Tag Archives: AM Best

How do ransomware attacks impact cyber insurance loss ratios?

Another global ransomware attack, dubbed Petya, has disrupted operations at major firms across Europe and the United States.

More than 100 companies and organizations across various industries were affected, including shipping and transport firm AP Moller-Maersk, advertising firm WPP, law firm DLA Piper, Russian steel and oil firms Evraz and Rosneft, French construction materials company Saint-Gobain, food company Mondelez, drug giant Merck & Co, and Pennsylvania healthcare systems provider Heritage Valley Health System.

Today’s Insurance Information Institute Daily, via The Wall Street Journal, reports that the attack has exposed previously unknown weaknesses in computer systems widely used in the West.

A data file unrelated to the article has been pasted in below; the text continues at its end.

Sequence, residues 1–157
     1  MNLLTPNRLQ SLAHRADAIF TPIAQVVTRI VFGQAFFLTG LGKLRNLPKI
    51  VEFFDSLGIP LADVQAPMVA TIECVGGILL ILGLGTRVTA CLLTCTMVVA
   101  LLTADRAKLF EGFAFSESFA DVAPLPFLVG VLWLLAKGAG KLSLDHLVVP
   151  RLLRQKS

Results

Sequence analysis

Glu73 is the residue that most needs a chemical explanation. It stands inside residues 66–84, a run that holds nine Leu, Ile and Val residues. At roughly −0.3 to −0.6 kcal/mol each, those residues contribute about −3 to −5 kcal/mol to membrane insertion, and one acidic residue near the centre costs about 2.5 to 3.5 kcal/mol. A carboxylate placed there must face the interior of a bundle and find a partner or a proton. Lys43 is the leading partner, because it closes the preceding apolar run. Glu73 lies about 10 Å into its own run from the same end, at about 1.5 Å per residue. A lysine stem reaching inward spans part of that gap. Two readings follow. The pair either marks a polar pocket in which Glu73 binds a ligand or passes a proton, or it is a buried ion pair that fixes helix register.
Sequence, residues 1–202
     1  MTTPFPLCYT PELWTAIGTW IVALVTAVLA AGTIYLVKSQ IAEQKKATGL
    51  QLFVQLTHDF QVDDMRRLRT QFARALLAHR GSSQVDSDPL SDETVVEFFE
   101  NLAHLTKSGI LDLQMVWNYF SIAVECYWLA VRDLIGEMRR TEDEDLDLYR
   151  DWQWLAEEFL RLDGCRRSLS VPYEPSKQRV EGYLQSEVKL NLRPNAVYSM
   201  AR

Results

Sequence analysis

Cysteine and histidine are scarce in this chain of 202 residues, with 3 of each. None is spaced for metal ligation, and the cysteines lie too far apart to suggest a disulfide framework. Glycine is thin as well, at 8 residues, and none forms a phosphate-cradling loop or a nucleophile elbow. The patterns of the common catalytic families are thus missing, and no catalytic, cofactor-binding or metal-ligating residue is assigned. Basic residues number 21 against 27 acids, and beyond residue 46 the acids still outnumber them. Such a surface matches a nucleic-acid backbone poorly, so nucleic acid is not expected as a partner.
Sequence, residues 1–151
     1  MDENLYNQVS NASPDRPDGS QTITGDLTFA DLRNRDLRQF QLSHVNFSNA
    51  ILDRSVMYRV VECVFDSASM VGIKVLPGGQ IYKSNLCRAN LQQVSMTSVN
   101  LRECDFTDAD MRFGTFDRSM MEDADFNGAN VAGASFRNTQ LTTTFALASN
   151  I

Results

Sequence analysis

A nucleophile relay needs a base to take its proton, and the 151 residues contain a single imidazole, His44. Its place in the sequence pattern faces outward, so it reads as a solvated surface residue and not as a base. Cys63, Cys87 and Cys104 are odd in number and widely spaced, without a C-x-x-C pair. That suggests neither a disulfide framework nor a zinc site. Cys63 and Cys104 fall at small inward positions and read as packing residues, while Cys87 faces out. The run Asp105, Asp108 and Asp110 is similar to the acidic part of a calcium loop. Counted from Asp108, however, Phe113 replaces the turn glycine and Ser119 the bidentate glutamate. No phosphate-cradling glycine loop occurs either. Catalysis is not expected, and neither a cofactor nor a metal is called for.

The U.S. cyber insurance market grew by 35 percent from 2015 to 2016, based on recent reports.

From A.M. Best: U.S. property/casualty insurers wrote $1.35 billion in direct written premium for cyber insurance in 2016.

Overall, cyber insurance for the majority of companies was profitable and the direct loss ratio decreased by 4.5 percentage points to 46.9 percent in 2016, from 51.4 percent in 2015.

Ransomware attacks are part of the reason for the decline in the loss ratio, A.M. Best explains:

“The decline in direct loss ratio for 2016 is partially attributed to the majority of reported cyber-attacks being related to ransomware heists. In almost all ransomware cases, the losses were well below the deductible and a simple backup recovery resolved and remedied any negative long-term effect of the attacks.”

Read our earlier post on insurance for ransomware attacks.

Workplace Safety Imperative for Truck Drivers